“This was the first plow that the farmer didn’t have to walk behind,” he said. However, “a lot of farmers would still walk behind it. There was a lot of pride to walking behind it.”
Fryar is a former professor of agricultural economics and agribusiness in the Bumpers College of Agricultural, Food and Life Sciences. He went on to co-found Ozark Mountain Poultry in 2000, selling the company 18 years later. Fryar was appointed to a 10-year term on the UA Board of Trustees in 2019. In 2020, the Fryar Family Charitable Foundation donated $10 million to develop a center that provides analysis and education on issues of price risk management in agriculture, finance and energy.
To learn more about Division of Agriculture research, visit the Arkansas Agricultural Experiment Station website: https://aaes.uark.edu. Follow on Twitter at @ArkAgResearch. To learn more about the Division of Agriculture, visit https://uada.edu/. Follow us on Twitter at @AgInArk. To learn about extension programs in Arkansas, contact your local Cooperative Extension Service agent or visit www.uaex.uada.edu.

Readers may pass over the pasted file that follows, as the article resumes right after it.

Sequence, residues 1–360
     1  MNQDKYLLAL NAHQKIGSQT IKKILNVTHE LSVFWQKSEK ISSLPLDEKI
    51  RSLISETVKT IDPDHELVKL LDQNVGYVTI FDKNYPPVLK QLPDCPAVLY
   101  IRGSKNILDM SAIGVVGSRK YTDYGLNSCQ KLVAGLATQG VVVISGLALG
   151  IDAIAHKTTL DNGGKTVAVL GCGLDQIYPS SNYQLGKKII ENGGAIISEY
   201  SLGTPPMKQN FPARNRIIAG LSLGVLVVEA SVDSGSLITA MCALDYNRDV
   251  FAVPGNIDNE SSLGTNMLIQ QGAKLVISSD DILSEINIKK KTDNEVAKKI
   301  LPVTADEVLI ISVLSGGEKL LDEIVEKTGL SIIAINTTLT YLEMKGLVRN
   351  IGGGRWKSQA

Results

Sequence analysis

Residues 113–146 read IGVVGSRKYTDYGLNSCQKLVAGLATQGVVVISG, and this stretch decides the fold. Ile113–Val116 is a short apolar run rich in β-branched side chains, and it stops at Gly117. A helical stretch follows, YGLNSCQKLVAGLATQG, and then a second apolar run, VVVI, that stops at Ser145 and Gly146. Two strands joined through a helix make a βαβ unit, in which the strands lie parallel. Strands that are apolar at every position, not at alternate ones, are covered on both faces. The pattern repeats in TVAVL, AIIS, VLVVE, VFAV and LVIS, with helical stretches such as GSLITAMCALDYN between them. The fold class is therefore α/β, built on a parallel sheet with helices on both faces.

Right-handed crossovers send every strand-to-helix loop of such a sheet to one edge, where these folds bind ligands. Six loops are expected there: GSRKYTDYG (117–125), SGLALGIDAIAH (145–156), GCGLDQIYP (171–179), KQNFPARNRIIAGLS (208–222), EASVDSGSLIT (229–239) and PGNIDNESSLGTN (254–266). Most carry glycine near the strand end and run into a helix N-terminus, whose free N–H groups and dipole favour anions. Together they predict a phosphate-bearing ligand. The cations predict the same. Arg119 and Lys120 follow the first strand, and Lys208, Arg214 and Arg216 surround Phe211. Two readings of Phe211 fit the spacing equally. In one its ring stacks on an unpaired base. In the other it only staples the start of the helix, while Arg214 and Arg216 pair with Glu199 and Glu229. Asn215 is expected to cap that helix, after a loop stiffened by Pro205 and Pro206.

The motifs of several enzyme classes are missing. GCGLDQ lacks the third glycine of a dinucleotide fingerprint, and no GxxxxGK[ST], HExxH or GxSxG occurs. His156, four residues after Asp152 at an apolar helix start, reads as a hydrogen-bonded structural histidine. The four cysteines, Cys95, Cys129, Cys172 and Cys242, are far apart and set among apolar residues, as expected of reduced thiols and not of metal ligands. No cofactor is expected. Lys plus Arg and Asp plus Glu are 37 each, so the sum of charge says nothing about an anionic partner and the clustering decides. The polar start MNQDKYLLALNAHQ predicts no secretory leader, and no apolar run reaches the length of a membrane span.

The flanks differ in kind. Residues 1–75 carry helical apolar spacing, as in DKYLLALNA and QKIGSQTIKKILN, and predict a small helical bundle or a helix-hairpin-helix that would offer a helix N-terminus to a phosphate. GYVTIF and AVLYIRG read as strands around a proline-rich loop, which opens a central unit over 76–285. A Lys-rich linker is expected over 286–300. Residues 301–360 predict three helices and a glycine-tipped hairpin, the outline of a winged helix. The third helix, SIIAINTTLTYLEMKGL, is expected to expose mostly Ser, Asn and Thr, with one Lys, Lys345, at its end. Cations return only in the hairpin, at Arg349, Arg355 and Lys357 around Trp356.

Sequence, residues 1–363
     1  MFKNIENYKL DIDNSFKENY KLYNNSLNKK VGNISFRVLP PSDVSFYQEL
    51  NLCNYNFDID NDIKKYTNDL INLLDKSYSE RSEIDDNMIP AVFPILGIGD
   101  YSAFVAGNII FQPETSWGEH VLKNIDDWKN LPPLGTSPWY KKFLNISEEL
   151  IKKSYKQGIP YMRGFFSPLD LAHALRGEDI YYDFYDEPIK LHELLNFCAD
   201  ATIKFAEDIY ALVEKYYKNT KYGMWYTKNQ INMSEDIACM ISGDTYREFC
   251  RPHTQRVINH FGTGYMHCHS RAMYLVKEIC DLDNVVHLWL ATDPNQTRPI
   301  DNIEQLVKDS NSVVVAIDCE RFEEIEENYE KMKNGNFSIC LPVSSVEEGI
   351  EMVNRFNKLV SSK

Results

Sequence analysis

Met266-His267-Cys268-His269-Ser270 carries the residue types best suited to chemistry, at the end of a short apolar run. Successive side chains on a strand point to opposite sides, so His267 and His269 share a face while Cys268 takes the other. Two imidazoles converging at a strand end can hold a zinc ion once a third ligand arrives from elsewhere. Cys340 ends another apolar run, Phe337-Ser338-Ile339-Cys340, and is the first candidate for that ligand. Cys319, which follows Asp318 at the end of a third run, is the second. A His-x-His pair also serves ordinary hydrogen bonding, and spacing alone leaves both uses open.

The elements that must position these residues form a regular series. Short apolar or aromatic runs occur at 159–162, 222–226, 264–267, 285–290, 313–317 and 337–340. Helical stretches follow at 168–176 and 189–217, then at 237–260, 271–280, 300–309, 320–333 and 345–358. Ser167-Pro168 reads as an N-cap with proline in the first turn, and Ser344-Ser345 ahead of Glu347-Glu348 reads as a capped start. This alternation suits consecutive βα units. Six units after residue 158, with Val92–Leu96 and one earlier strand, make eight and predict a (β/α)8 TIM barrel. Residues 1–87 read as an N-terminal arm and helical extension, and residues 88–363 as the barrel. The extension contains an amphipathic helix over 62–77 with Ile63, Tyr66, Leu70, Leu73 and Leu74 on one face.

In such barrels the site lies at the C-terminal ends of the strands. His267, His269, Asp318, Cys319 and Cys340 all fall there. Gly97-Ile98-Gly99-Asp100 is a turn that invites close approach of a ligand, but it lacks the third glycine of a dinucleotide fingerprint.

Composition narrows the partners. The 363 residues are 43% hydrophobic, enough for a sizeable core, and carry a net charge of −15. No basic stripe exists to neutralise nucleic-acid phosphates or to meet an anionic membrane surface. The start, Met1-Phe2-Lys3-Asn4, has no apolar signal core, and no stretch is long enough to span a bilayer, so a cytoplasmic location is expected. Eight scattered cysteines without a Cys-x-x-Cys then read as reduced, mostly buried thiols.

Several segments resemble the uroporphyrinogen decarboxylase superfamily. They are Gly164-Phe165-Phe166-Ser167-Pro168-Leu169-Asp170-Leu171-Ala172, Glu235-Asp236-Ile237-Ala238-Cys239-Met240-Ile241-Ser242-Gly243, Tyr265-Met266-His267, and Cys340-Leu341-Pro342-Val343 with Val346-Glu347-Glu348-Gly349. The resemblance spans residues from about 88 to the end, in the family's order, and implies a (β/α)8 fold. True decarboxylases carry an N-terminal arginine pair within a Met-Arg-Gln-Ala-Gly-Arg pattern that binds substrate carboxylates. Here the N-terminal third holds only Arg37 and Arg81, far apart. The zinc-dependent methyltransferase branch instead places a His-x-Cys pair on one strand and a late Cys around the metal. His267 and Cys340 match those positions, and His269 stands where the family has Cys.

About the Division of Agriculture
The University of Arkansas System Division of Agriculture’s mission is to strengthen agriculture, communities, and families by connecting trusted research to the adoption of best practices. Through the Agricultural Experiment Station and the Cooperative Extension Service, the Division of Agriculture conducts research and extension work within the nation’s historic land grant education system.
The Division of Agriculture is one of 20 entities within the University of Arkansas System. It has offices in all 75 counties in Arkansas and faculty on five system campuses.
The University of Arkansas System Division of Agriculture offers all its Extension and Research programs to all eligible persons without regard to race, color, sex, gender identity, sexual orientation, national origin, religion, age, disability, marital or veteran status, genetic information, or any other legally protected status, and is an Affirmative Action/Equal Opportunity Employer.
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Media contact: Mary Hightower